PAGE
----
The impact of health insurance status on the survival of patients with head and neck cancer


  • Scott Langevin and Joseph Kwok extracted the data from the main database, performed quality control checks, statistical analysis, and contributed to the manuscript writing. Athanassios Argiris completed the clinical writing of the manuscript, Jennifer R. Grandis and Emanuela Taioli conceptualized the study, and William E. Gooding developed the statistical analysis framework. The authors had direct access to anonymous data.



In 2006, it was estimated that 47 million people in the United States are without insurance. Studies have shown that patients who are uninsured or are insured by Medicaid are more likely to present with more advanced cancer. The objective of this study was to examine whether cancer recurrence and mortality of patients diagnosed with squamous cell carcinoma of the head and neck are associated with insurance status, after adjusting for known cancer risk factors. The main outcome measures were overall survival and relapse-free survival.


Retrospective cohort of patients with a biopsy-proven primary squamous cell carcinoma of the oral cavity, pharynx, or larynx diagnosed or treated at the University of Pittsburgh Medical Center between 1998 and 2007. Patients were stratified by their insurance status, including private insurance, uninsured/Medicaid, Medicare disability (Medicare under age 65), and Medicare 65 years + . Covariates included age, gender, race, smoking status, alcohol consumption, anatomic tumor site, treatment, stage at diagnosis, and occupational prestige score. Cox proportional hazards regression was used to estimate the effect of insurance status on overall survival, relapse-free survival, tumor stage, and lymph node involvement.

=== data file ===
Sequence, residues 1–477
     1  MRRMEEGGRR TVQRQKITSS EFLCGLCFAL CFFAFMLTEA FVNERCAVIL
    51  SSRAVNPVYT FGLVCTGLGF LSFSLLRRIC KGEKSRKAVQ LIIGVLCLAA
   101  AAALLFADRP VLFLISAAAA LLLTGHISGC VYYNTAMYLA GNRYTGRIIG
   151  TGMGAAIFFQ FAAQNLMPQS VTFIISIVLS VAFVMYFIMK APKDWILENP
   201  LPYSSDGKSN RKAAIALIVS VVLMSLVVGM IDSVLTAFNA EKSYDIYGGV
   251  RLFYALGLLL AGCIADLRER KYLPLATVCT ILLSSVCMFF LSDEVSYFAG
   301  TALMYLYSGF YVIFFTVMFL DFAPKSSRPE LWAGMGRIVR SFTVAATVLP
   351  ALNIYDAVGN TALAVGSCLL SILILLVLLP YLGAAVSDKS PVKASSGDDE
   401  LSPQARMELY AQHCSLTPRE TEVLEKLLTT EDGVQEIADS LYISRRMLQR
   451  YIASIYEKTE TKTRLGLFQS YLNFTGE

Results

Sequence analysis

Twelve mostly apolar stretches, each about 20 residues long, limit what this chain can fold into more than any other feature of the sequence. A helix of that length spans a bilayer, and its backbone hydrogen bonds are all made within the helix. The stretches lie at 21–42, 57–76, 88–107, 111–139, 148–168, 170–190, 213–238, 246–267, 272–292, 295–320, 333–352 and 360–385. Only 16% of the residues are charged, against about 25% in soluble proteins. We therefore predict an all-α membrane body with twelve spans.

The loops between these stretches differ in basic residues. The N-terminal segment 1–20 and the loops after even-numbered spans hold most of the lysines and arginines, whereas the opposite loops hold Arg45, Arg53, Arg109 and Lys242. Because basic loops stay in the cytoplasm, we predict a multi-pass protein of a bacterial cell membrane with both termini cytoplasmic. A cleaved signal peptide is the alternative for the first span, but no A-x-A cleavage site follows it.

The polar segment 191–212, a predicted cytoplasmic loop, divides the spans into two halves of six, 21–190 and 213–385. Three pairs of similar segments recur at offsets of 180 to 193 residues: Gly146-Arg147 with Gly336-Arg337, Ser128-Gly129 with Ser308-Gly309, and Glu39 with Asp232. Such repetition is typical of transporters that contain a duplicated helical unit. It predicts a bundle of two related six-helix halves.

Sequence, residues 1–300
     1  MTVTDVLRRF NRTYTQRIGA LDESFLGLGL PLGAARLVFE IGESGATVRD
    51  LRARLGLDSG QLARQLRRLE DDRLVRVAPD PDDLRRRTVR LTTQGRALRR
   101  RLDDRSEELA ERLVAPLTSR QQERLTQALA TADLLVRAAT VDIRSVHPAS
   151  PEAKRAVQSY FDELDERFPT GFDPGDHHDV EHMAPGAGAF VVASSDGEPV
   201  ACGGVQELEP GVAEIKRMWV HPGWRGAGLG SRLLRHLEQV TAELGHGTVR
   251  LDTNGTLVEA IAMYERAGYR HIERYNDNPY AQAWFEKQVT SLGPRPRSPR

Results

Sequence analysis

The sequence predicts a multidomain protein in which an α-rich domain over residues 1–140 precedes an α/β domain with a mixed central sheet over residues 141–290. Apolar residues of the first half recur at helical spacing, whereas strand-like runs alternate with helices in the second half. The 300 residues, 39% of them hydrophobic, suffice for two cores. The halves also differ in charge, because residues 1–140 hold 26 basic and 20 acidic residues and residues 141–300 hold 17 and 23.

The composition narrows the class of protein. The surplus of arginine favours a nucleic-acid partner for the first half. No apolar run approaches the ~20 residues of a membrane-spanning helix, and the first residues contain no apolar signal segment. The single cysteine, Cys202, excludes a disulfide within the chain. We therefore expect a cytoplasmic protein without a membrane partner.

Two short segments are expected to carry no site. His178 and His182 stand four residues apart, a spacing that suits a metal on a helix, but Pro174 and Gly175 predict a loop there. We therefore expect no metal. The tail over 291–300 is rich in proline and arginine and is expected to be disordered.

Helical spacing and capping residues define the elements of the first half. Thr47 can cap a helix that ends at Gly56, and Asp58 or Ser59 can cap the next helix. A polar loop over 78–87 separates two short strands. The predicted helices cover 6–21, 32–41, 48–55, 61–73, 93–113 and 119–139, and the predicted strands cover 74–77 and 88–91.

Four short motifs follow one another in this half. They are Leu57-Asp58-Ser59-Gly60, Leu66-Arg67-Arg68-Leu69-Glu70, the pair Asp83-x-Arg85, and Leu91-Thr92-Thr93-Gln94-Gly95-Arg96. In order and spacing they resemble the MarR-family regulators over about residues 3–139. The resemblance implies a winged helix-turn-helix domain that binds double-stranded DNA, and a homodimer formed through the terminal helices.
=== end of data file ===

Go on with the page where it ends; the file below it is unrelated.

A total of 1231 patients were included in the analysis. Patients with Medicaid/uninsured (hazard ratio [HR], 1.50; 95% confidence interval [CI], 1.07-2.11) and Medicare disability (HR, 1.69; 95% CI, 1.16-2.48) had significantly lower overall survival compared with patients with private insurance; the result was independent of variables known to affect outcome, such as alcohol and tobacco use. For all squamous cell carcinoma of the head and neck (SCCHN) cancer sites, Medicaid and uninsured patients were significantly more likely to present with an advanced stage tumor at diagnosis (odds ratio [OR] = 2.94; 95% CI, 1.72-5.01) and to present with at least 1 positive lymph node (OR = 1.84; 95% CI, 1.16-2.90) compared with patients with private insurance.


Patients with Medicaid/uninsured and Medicare disability were at increased risk of death after a diagnosis of SCCHN when compared with patients with private insurance, after adjustment for age, gender, race, smoking, alcohol use, site, socioeconomic status, treatment, and cancer stage. Cancer 2010. © 2010 American Cancer Society.